April Group has entered exclusive talks to acquire Brazilian pulp maker Lwarcel Celulose. (Photo courtesy of RAPP)

Indonesian Gov't Confident of Winning Against RAPP's Legal Action


DECEMBER 12, 2017

Jakarta. The Indonesian government is quietly confident it will win a lawsuit against Riau Andalan Pulp and Paper, or RAPP, currently on trial at the Jakarta State Administrative Court, or PTUN, a senior official at the Environment and Forestry Ministry said on Monday (11/12).

RAPP, the operational unit of Asia Pacific Resources International, lodged a suit at PTUN on Nov. 16 against a reprimand letter issued by the ministry which voided the company’s current 10-year business plan.

The pulp and paper company said it had sent a letter of objection to the ministry over the reprimand and claimed the ministry had failed to respond within 10 days as required by the country's Good Governance Law.

This prompted the company to accuse the ministry of not obeying the law.

Bambang Hendroyono, the ministry’s secretary general, claimed it has already responded to RAPP’s objection letter by organizing five meetings with the company’s representatives since the ministry received the letter.

Bambang said RAPP has also been actively engaged in consultations with the ministry, although the company still has not revised its work plans to comply with the government's new peatland protection framework — detailed in Ministerial Decree No. 17 of 2017 which spells out technical details to implement Government Regulation No. 57 of 2016.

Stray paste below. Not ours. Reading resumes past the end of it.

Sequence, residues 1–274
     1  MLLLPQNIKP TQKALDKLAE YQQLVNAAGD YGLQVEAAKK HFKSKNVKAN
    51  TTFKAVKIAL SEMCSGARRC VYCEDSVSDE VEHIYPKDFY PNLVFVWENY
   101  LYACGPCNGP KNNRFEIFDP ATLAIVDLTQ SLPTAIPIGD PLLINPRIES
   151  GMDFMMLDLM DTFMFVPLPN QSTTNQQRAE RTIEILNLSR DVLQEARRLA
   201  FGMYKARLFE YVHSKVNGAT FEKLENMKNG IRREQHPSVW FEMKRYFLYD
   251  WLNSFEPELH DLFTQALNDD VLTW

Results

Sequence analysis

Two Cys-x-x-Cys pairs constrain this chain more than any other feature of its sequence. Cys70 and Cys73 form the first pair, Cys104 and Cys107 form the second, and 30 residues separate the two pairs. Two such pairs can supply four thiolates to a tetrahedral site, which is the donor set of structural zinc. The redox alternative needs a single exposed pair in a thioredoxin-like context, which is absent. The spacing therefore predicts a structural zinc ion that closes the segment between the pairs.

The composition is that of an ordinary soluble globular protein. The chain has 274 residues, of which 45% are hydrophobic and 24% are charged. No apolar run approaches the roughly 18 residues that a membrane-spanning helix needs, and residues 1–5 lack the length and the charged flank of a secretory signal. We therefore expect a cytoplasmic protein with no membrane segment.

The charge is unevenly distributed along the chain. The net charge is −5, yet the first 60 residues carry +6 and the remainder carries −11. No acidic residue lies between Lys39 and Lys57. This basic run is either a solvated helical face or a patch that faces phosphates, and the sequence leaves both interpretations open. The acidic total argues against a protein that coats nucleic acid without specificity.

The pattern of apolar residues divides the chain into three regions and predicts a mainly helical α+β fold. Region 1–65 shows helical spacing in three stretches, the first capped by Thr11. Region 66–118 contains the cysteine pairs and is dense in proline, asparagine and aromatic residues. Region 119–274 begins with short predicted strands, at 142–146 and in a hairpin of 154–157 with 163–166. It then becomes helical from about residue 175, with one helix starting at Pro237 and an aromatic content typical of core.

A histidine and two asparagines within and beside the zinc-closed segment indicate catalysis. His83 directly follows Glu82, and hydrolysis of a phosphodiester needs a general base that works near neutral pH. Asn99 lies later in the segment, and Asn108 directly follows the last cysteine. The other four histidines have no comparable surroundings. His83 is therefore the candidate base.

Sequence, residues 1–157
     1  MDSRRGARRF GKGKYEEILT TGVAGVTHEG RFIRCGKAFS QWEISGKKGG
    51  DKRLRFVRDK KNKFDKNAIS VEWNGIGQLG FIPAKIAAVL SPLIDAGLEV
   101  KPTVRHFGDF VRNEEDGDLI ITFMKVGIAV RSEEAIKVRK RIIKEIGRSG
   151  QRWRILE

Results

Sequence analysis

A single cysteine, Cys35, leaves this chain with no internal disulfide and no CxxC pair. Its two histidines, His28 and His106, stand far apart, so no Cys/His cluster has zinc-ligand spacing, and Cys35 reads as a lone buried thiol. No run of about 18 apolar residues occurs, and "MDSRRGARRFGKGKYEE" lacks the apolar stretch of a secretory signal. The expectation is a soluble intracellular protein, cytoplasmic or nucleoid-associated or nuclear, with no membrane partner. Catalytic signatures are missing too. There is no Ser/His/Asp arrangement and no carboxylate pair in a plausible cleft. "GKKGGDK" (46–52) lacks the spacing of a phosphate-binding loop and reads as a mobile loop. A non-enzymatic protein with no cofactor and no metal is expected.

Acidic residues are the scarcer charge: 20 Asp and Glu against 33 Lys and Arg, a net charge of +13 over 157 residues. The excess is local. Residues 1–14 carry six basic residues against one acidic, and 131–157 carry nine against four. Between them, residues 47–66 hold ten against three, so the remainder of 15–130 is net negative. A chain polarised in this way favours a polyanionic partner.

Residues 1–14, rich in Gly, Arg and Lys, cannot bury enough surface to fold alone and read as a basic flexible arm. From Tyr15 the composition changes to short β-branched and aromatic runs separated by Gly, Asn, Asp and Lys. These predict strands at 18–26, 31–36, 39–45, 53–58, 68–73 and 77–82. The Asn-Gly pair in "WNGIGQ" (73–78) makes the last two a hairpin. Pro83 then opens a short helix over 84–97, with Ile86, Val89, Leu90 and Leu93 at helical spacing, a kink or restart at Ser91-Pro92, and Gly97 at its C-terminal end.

"These responses are proof that we've communicated [with RAPP]. That's proof of good governance," Bambang said after another session of the trial on Monday.

Bambang said RAPP's letter of objection is meaningless because the company had sent it at the same time as it was telling the ministry it will revise its work plans.

"They took a legal action when there was ongoing communication between us. That's not right," Bambang said.

RAPP now argues that one of the articles in Government Regulation No. 57 of 2016 states that business permits issued before the regulation became effective will remain valid until the company's license expires, which means RAPP's business plan should still be valid until 2019.

"The ministry should respect the [2016] regulation. We will revise the plan in the next two years – the government should not repeal it halfway," Hamdan Zoelva, RAPP's legal representative and a former Constitutional Court (MK) chief justice, said on Thursday last week.